It’s ‘Vagus’, baby!
Recently, I had a surprising realization about my sleeping pattern.
I realized that I find it difficult to fall asleep unless I am extremely exhausted or someone else is also sleeping in the same room.
Usually, I am alone and I don’t fall asleep until I feel exhausted from reading or watching mindless videos. I also experimented with listening to an audiobook while sleeping. It does help me in falling asleep which is still better than other options.
On rare occasions, if someone else is sleeping in my room (mostly a visiting friend), then the fear of being judged and coming across as a person who wastes his time on the phone at night usually drives me to sleep.
But, the bottom line is that in day-to-day life, I usually need some stimulation to fall asleep.
I know this does not sound very mature (and healthy!) as I am supposed to be a well-functioning adult who can regulate his emotions and actions. And of course, sleep!!
But, I recently discovered something that has helped me fall asleep without any need for stimulation.
Can you guess what it is?
No, it is not any meditation or mindful breathing activity.:P
It is a 10-15 minute application of an innocent ice pack on the back and sides of my neck.
I discovered this practice as a result of falling into a rabbit hole of the Vagus nerve and its relation with trauma and self-sabotaging behaviors.
The Vagus nerve is the longest nerve in your body and it connects your brain to your organs such as your heart, lungs, and stomach. It’s responsible for controlling various bodily functions such as heart rate, breathing, and digestion.
If you experience stress on a prolonged basis (or people suffering from PTSD and trauma), it can inhibit the activity of the Vagus nerve. This can lead to an increased heart rate, breathing difficulties, and anxiety.
On the other hand, if it is functioning properly or stimulated within a limit, it activates your parasympathetic nervous system and promotes deep rest and relaxation.
Icing the Vagus nerve for minutes near your neck and shoulders is a gentle way to stimulate it and feel relaxed. Some people have also mentioned the chest region near the heart as a potential area of icing to stimulate it but I have not tried it yet.
Only after I started doing this, I realized the amount of heaviness and tightness I tend to hold near my shoulders and neck. And icing the region immediately brings a heavenly relief. It makes it easier for me to relax and fall asleep.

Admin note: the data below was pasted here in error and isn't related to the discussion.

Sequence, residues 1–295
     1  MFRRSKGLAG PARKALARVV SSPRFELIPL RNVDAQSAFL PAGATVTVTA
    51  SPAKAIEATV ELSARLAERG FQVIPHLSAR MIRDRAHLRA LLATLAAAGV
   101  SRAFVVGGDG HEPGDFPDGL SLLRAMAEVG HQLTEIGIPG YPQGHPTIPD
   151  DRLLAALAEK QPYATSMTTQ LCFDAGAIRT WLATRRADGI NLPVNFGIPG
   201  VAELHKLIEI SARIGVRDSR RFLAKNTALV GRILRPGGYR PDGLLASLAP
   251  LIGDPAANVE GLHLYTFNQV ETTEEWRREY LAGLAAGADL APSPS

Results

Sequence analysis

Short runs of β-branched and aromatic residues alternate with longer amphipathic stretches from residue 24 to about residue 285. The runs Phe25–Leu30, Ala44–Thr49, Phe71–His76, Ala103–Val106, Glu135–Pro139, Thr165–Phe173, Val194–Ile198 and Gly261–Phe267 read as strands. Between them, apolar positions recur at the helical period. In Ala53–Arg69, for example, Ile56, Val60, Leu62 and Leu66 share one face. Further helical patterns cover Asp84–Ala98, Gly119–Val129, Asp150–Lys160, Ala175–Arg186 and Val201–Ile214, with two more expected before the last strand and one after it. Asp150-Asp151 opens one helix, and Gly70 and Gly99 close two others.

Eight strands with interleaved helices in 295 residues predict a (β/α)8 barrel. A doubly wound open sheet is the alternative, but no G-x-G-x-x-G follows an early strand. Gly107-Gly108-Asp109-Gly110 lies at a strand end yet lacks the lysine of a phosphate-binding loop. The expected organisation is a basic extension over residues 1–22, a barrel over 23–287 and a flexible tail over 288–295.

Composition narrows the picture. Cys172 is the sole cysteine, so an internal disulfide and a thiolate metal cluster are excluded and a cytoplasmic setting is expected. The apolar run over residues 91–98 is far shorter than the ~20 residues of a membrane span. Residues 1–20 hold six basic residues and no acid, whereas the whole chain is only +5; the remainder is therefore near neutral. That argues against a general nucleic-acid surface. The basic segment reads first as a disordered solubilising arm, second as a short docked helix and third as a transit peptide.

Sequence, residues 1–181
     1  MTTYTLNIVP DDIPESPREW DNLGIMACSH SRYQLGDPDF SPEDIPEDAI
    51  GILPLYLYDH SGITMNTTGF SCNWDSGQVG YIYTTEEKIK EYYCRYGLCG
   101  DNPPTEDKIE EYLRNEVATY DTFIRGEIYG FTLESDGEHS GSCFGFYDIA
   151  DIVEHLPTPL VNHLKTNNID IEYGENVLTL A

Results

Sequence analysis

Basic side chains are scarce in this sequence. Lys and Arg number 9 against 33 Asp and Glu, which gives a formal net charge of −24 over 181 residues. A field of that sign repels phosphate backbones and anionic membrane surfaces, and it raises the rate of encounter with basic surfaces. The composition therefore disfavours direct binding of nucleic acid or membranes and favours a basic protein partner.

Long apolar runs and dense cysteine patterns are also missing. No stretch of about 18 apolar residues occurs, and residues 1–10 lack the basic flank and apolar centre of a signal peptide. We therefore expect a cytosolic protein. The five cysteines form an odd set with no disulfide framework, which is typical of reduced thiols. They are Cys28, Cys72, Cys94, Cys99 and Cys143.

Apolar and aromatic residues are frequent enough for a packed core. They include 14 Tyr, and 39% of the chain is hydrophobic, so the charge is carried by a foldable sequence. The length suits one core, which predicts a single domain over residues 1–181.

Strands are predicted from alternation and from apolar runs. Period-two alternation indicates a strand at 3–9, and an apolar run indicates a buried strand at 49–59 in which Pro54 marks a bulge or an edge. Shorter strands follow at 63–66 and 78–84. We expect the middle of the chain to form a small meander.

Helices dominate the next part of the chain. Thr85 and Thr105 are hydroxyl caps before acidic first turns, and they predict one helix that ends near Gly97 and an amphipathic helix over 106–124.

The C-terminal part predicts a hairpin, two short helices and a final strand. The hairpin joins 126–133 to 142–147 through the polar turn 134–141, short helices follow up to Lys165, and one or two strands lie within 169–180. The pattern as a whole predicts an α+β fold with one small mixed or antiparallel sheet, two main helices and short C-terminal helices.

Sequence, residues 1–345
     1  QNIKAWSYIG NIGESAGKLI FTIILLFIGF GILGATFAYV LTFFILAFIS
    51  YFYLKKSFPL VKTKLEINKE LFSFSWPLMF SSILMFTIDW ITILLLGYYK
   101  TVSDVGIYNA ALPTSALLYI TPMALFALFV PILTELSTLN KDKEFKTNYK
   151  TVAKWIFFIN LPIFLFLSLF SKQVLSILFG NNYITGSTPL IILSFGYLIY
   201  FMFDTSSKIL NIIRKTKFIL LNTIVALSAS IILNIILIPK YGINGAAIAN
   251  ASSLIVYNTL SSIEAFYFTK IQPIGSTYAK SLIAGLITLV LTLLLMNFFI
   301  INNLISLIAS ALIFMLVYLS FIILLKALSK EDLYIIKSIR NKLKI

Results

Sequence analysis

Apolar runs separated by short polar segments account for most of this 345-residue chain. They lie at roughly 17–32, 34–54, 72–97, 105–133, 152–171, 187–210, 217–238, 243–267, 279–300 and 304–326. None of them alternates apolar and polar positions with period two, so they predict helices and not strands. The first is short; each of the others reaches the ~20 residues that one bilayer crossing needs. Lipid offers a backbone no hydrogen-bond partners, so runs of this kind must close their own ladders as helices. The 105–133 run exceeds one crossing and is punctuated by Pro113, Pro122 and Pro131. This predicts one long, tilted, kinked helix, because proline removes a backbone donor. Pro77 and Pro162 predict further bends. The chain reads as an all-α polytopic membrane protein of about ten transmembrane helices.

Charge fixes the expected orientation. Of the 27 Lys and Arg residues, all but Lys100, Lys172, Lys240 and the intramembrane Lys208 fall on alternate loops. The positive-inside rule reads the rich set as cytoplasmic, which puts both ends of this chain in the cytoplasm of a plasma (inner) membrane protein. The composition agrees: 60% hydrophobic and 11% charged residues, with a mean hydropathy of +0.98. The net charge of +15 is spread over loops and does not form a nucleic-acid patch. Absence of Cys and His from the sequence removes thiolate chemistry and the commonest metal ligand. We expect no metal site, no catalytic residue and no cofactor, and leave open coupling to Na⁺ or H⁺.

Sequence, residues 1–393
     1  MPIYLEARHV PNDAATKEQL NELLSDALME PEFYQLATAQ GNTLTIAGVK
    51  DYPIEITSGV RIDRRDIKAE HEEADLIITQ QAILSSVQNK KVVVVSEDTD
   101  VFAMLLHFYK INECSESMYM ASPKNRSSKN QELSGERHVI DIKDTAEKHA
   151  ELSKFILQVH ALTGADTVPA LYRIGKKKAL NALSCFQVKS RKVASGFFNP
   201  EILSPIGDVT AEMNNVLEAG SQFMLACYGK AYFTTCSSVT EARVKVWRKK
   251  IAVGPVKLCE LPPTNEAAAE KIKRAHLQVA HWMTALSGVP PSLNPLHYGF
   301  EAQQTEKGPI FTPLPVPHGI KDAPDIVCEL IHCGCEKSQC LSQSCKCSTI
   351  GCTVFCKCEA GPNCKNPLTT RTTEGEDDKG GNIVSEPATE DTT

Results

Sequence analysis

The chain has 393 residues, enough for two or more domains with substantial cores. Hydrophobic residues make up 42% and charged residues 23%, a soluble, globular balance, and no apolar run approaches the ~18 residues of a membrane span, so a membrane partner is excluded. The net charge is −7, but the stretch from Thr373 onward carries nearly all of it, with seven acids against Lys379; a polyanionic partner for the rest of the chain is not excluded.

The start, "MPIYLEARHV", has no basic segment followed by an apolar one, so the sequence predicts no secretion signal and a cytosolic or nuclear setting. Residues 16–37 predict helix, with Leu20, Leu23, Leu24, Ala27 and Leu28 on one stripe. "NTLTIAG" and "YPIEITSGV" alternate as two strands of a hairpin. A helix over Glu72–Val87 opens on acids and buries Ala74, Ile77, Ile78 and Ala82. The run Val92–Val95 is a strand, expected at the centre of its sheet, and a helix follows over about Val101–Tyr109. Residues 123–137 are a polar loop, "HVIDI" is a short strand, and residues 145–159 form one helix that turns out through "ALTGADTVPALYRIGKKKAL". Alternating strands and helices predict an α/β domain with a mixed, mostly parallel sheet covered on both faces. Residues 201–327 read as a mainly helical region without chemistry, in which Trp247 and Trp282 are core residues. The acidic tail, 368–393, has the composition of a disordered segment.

I discovered that there was a viral TikTok about this a couple of years ago and had I been a GenZ, I might have been able to learn this earlier. 😀
But anyway, this brings me to 3 related things I want to share this week:
This article discusses the “bottom-down” practices like breathwork (and maybe icing the Vagus nerve also comes under this?!) to regulate the nervous system and manage stress. This is different from the popular “top-down” tools like meditation which are difficult to use during periods of intense stress.
The author says that we have 80% of afferent neurons that travel from the body to the brain as opposed to 20% of efferent neurons that run in the opposite direction from the brain to the body.
This is why “bottom-down” practices are 4X times more effective to alter our blood chemistry and shift our internal state.
This video explains how procrastination, self-sabotage, and fleeing from health can be connected to stored survival stress.
When I heard the term “fleeing from health”, I immediately felt seen. I struggle with maintaining healthy routines and often tend to oscillate between the extremes of the 5 am routine and 12-noon breakfasts.
Watching this video felt like finally someone gave a new perspective and reason behind self-sabotage and procrastination instead of talking about the lack of clear purpose and goals.
I realized it might not be completely my fault and laziness (to some extent it is, yes! I am not saying I am not responsible).
It just helped me have a much-needed, compassionate self-talk. It does not come easily to me and sometimes, that’s all you need!
Last but not least, if you are curious to know more about the vagus nerve, here is a tweet thread by Sahil Bloom that explains it. He also links to useful articles to further explore the topic. To continue generating text, please provide a starting prompt or topic.
That’s all from me this week, folks!
Until next time